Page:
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Sargeant v. Taxi

Supreme Court of Nevada

June 1, 2017

MICHAEL SARGEANT, INDIVIDUALLY AND ON BEHALF OF OTHERS SIMILARLY SITUATED, Appellant,
v.
HENDERSON TAXI, Respondent.

         Appeal from an order granting summary judgment and an order denying class certification in a Minimum Wage Amendment case, Nev. Const, art. 15, § 16. Eighth Judicial District Court, Clark County; Michael Villani, Judge.

          Leon Greenberg Professional Corporation and Leon M. Greenberg and Dana Sniegocki, Las Vegas, for Appellant.

          Holland & Hart LLP and Anthony L. Hall and R. Calder Huntington, Las Vegas; Holland & Hart LLP and Ricardo N. Cordova, Reno, for Respondent.

          BEFORE DOUGLAS, GIBBONS and PICKERING, JJ.

          OPINION

          PICKERING, J.

         Appellant Michael Sargeant filed a class-action lawsuit against respondent Henderson Taxi seeking back pay and equitable relief under the Minimum Wage Amendment of the Nevada Constitution, Article 15, Section 16 (MWA). In response to Sargeant's motion to certify the class action, Henderson Taxi produced an agreement that resolved an earlier-filed grievance for wage adjustments under the MWA brought by the union that represented Henderson Taxi cab drivers. Based on the grievance's resolution, the district court denied class certification. Thereafter, the district court granted Henderson Taxi's motion for summary judgment against Sargeant. We affirm.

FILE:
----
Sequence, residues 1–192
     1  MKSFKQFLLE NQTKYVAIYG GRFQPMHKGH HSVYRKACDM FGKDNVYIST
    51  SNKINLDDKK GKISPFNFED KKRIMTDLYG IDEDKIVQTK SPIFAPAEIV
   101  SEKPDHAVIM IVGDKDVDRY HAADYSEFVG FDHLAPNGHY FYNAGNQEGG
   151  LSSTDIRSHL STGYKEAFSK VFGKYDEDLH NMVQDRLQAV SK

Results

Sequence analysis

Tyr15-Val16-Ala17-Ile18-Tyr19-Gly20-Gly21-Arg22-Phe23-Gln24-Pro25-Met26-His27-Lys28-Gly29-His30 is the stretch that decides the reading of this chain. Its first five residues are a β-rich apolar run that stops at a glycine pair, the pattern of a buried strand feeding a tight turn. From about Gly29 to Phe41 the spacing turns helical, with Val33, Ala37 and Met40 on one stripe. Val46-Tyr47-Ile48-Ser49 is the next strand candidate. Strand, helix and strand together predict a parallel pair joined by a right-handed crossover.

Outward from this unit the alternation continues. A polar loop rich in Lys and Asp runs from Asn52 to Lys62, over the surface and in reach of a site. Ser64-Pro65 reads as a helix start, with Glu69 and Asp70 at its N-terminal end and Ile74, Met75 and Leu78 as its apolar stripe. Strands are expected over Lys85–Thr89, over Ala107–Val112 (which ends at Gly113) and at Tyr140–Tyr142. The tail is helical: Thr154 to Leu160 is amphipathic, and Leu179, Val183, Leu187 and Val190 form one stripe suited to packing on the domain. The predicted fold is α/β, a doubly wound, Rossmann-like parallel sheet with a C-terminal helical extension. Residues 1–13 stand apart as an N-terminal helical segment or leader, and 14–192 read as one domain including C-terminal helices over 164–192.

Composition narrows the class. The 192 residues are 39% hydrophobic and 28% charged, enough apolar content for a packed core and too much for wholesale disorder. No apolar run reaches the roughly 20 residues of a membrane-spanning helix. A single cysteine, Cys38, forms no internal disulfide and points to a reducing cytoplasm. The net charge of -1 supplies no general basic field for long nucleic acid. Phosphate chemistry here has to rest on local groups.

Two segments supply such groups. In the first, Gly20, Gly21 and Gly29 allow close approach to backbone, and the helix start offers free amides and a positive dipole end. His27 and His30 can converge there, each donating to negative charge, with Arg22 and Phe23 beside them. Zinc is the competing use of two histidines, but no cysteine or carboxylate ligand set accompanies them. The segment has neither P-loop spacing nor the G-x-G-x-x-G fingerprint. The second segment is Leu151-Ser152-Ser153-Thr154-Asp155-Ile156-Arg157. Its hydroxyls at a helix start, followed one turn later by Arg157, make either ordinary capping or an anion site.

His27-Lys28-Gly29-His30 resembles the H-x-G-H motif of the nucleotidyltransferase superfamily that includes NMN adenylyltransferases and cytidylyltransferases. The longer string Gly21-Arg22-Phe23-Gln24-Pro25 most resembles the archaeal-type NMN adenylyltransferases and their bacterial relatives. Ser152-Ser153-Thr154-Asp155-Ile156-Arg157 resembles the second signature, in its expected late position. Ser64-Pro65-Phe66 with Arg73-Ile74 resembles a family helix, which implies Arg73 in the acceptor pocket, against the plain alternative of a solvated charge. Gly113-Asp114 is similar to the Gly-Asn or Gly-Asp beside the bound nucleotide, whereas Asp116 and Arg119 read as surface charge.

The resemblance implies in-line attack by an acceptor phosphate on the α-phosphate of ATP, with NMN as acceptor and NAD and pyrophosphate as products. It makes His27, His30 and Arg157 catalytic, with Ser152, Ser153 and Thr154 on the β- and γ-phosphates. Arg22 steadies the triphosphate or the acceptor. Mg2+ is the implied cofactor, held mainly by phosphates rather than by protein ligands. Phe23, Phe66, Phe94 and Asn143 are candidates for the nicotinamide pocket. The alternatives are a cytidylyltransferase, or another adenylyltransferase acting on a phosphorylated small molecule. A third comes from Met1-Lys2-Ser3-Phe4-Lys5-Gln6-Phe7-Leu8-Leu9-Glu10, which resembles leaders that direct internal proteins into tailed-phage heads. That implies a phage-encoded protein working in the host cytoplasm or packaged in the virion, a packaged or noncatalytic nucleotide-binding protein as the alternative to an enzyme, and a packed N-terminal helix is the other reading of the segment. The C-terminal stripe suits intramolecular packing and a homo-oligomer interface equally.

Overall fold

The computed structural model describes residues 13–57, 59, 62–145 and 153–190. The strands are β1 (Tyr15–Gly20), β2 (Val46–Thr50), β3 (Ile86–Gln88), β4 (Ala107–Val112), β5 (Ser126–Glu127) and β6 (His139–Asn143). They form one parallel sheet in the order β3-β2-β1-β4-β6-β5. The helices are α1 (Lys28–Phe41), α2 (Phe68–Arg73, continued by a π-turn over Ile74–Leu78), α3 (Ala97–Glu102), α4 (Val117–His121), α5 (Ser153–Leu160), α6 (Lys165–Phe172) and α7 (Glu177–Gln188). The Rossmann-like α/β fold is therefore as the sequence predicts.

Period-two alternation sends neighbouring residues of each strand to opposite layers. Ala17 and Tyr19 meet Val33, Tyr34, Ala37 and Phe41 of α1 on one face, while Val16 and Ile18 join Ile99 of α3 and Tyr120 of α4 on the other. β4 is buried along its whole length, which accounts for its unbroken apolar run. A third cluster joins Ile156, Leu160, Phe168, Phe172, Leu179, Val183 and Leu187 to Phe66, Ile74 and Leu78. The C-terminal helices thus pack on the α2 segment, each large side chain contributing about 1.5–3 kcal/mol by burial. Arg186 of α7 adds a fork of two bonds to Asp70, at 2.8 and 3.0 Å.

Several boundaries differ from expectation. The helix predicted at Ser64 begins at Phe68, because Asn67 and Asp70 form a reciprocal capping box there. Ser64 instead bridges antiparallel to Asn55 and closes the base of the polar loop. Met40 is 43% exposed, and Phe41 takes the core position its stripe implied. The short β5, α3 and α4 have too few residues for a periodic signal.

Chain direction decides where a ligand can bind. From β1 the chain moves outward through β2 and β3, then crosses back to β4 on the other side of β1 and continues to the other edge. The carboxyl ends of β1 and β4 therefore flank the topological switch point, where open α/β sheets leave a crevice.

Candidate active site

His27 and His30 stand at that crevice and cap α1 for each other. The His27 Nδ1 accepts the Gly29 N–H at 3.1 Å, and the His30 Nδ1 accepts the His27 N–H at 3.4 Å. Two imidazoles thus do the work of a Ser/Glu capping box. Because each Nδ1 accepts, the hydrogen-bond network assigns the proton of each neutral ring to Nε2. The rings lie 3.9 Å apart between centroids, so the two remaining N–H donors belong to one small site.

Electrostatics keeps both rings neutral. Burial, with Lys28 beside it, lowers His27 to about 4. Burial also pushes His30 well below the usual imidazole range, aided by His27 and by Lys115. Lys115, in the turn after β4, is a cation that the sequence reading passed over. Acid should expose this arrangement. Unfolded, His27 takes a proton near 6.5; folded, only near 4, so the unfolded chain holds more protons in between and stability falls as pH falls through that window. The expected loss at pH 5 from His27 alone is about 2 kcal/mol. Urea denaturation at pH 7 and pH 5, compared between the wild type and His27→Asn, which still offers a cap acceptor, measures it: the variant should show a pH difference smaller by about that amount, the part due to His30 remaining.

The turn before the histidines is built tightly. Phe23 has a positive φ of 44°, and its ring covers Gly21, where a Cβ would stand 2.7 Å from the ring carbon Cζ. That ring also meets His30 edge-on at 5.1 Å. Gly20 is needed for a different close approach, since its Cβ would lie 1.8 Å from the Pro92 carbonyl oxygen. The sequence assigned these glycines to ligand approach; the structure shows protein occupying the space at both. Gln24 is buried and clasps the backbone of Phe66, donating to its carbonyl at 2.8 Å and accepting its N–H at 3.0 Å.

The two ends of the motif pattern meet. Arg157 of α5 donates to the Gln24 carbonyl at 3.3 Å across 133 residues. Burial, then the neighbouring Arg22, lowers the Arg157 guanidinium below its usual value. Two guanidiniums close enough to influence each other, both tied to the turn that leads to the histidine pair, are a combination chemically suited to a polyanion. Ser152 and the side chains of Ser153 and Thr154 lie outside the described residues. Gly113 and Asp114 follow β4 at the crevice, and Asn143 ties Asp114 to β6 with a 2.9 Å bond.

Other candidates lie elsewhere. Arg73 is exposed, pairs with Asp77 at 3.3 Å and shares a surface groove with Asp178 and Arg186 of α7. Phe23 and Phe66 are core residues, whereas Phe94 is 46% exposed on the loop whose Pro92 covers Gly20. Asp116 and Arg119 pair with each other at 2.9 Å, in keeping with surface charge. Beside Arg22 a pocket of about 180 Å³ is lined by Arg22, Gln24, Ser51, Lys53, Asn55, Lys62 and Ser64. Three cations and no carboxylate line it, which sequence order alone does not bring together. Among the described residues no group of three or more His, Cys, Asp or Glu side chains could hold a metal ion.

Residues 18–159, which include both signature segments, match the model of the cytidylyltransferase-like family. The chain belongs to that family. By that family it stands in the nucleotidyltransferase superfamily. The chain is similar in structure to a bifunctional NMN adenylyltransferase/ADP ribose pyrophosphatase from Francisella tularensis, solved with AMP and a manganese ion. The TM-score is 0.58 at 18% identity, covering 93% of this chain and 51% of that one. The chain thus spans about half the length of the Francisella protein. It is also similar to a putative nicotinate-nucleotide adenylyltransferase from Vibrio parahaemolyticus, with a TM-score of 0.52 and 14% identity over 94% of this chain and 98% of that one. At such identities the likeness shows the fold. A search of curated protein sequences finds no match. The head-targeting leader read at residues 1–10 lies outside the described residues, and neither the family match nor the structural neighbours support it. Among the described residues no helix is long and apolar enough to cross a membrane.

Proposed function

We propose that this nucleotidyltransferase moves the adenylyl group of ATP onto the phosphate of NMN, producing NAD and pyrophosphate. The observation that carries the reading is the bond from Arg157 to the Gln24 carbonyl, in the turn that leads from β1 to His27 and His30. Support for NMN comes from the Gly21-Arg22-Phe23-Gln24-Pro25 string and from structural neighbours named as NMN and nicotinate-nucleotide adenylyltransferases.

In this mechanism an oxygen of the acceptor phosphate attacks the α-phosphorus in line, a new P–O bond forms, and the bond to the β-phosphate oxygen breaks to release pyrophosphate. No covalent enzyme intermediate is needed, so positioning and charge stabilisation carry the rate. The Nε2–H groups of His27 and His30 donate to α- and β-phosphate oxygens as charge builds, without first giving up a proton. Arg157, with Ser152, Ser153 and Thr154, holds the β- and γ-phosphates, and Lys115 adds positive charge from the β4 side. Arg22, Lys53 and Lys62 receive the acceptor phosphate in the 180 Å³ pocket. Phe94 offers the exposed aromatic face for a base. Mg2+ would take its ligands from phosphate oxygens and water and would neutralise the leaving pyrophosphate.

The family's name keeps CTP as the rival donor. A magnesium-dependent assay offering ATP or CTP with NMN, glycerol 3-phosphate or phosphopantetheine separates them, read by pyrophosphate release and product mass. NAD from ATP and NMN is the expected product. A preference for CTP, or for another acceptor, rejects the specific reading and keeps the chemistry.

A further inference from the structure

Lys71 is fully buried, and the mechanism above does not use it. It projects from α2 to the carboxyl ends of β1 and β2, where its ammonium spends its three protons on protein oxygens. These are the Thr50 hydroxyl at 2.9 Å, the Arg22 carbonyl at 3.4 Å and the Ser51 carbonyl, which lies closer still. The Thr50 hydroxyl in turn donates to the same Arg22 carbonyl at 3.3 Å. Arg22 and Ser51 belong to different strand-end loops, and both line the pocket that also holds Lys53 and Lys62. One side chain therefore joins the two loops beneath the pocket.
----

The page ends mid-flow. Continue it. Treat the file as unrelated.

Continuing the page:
SUMMARY JUDGMENT

         The district court granted summary judgment against Sargeant, in part, because Sargeant did not file a substantive opposition to the summary judgment motion. The summary judgment order recites:

Not only did the opposition not include any facts contradicting the fact that the Union settled any minimum wage claims Henderson Taxi's drivers may have had prior to the settlement, none were presented at oral argument either. Further, at the hearing on Henderson Taxi's Motion, [Sargeant's] counsel conceded that if this Court construed its prior order as holding Mr. Sargeant's right to bring any legal action as alleged in his complaint was extinguished by the Union's grievance settlement with Henderson Taxi, nothing would substantively remain in this case to litigate as a settlement had occurred and judgment would be proper.

         The appellate appendix does not include a transcript of the oral argument on the summary judgment motion, copies of most of the exhibits to the motion, including the charge Sargeant filed with the National Labor Relations Board (NLRB) protesting the union's resolution of its grievance against Henderson Taxi, or Henderson Taxi's reply. Although we review an order granting summary judgment de novo, Wood v. Safeway, Inc., 121 Nev. 724, 729, 121 P.3d 1026, 1029 (2005), to the extent these omissions impair meaningful review of the summary judgment proceedings, we presume the omitted materials support the district court's decision. See Cuzze v. Univ. & Cmty. Coll. Sys. of Nev., 123 Nev. 598, 604, 172 P.3d 131, 135 (2007).